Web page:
Easy One-Ingredient Upgrades to the Champagne Cocktail
“If you take a base of Champagne, citrus, bitters and sweetener, you can create thousands of cocktails,” he explains. “It’s like the Mr. Potato Head method. You just plug in different ingredients in the same proportions for a different flavor profile.” With the simple addition of a single ingredient, you can open a world of boozy possibilities. Here, easy one-ingredient upgrades for next-level Champagne Cocktails.
Adding citrus juice to a Champagne Cocktail not only gives it a delightful punch of acid, but Nugent points out that it balances the sugar in the drink. Together, citrus and sugar work like seasoning on steak, he says, brightening and magnifying the base flavors.
Lemon Juice: The lemon twist that garnishes a classic Champagne Cocktail already adds a whisper of citrus, but fresh lemon juice imparts more intense acidic zing.
Grapefruit Juice: The sour tang of grapefruit is even more pleasing when spread out over Champagne bubbles, while Angostura deepens the tartness of the ruby red juice. Consider swapping out the lemon twist for a twist of grapefruit peel as well.
Blood Orange Juice: More potent than standard orange juice with a hint of tart raspberry, blood orange juice won’t crush your taste buds with aggressive acid, but will instead provide mellower acidic warmth along with fruity depth. As above, consider swapping the lemon twist out for an orange twist to keep your citrus coordinated
They may be called bitters, but dashing these dropper bottles into your cocktail won’t make your drink bitter—it will offer structure, Nugent explains. “Bitters can add some texture, and another layer of flavor as well,” he says. With an insane variety of bitters on the market—like savory herbal bottlings, lemon, plum, orange, Peychaud’s, tiki and grapefruit, just to name a few—you don’t have to stick to the standard Angostura. Try using one of these varietals instead, or try layering them on top of the traditional Ango.
Orange Bitters: If you want sweet orange flavor, you’re better off using juice. Orange bitters impart more of the tannic, tart notes of the fruit’s peel. The overall effect on the cocktail is subtle yet enticing.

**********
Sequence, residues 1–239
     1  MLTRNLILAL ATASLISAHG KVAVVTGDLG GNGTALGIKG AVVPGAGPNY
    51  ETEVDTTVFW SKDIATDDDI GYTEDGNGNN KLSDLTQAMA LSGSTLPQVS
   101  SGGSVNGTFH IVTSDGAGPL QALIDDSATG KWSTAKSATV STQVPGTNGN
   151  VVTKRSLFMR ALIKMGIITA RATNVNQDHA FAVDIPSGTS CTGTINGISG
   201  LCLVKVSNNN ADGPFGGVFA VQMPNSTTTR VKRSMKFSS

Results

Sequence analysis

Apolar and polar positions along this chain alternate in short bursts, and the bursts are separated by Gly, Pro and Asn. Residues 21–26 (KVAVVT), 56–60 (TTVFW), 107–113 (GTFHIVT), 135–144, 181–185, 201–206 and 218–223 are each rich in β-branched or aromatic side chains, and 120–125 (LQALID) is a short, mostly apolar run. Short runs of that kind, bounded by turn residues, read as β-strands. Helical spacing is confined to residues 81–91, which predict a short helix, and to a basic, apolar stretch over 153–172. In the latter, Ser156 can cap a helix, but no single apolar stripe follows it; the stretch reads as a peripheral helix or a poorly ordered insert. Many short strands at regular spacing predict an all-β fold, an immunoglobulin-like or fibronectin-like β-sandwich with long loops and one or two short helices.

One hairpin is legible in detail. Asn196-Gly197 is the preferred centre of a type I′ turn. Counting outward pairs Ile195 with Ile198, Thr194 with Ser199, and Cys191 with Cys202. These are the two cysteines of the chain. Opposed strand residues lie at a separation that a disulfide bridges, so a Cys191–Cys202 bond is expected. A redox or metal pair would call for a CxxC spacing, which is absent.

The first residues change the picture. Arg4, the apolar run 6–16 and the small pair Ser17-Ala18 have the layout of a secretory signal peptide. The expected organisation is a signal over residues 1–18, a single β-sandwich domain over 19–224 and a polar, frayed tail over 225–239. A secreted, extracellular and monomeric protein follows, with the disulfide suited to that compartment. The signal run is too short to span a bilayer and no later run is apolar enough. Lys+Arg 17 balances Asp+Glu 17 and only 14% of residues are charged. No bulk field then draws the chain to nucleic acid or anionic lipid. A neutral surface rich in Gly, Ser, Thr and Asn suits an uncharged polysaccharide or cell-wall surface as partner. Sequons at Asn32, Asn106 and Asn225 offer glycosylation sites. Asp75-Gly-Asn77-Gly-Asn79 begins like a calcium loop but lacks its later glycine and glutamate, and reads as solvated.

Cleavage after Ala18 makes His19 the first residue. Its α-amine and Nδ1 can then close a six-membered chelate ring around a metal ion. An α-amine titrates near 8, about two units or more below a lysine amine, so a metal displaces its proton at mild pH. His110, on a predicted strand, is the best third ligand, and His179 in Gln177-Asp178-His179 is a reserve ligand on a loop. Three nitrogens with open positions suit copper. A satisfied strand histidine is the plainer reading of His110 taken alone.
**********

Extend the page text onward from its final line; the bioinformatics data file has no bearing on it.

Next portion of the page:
Lavender Bitters: Floral lavender isn’t just good for candles. These bitters add a grassy sweetness with notes of mint, lemon and spice.
Plum Bitters: One of Nugent’s favorite drinks at Center Bar is The Red Queen, which calls for both lemon and plum bitters to perk up heavy Chambord and fruity rose cider. On their own, plum bitters recall plum pudding, which combines the sweet-tart stone fruit with winter spices like clove, mace and nutmeg.
It’s hard to top the humble sugar cube in terms of sheer utility—plopping one into your flute and topping it with Angostura bitters and Champagne requires no measuring or thought—but alternative sweeteners from all over the globe open a world of flavor opportunities. Start with a half ounce of each of these in place of the sugar cube and adjust to taste.
Honey Syrup: If white sugar gives drinks neutral sweetness, think of honey as one step into deeper sweet notes. Cutting the thick honey with water to create honey syrup makes mixing easier and stabilizes the earthy, caramel-y syrup.
Coconut Sugar: Give the Champagne Cocktail a tropical twist by using this healthy-ish sugar substitute, made not from raw coconut but from the sap of the coconut palm tree. The dry, slightly nutty sweetener adds caramel notes akin to light brown sugar.
Date Syrup:If you’ve ever enjoyed the rush of biting into a raw date, imagine that same nutty, mature, caramelized sweetness in liquid form, and you’ve got date syrup. The molasses-like sweetener can be thick, so use sparingly to avoid weighing down the airy cocktail.
A Champagne Cocktail is light and refreshing, but it doesn’t always satisfy deeper boozy cravings. For something with a little more oomph, add an ounce (or less or more, to taste) of hard liquor to the mix, which creates a great foundation for the wispy flavors floating above in the bubbly.
Gin: Like a pared down French 75, a gin-spiked Champagne Cocktail is punctuated with botanical, floral notes of whatever brand you choose, whether that’s a juniper-heavy London Dry or something cleaner in the American style.
Absinthe: Combining absinthe and Champagne creates a Death in the Afternoon, Ernest Hemingway’s favored way of consuming bubbly, but adding absinthe to the more complex Champagne Cocktail rounds out the harsh edges of the green fairy spirit even more than toasty Champagne can alone.
Cognac:Combine two AOC-protected boozes in one glass of French luxury. Cognac and Champagne go together like peanut butter and jelly, if that PB&J were fancy AF.
For those looking to change up their sweet ingredients without cramming their cupboards full of various syrups, liqueurs can add an array of sweet flavors, or you can use bitter aperitivos to add a complex twinge.
Chambord: The aforementioned Red Queen is a perfect example of how liqueurs can bring both sweet and bitter fruit to the forefront of a Champagne Cocktail riff. An ounce of the French raspberry liqueur melds with the drink’s aesthetic perfectly, turning the drink a sultry shade of purplish red.
Aperol: Campari is too heavy for the delicate Champagne-based cocktail, but adding 1.5 ounces of Aperol makes for a hybrid between the Champagne Cocktail and the Aperol Spritz, shaking up the standard dry bubbly with a light dusting of bitter pucker and showcasing the Italian aperitif’s perfect match with sparkling wine
St-Germain:This cult liqueur makes everything better, even the seemingly impossible-to-improve upon Champagne Cocktail. With a two-ounce pour of St-Germain, this floral riff will taste like shining elderflowers are blooming right from your flute.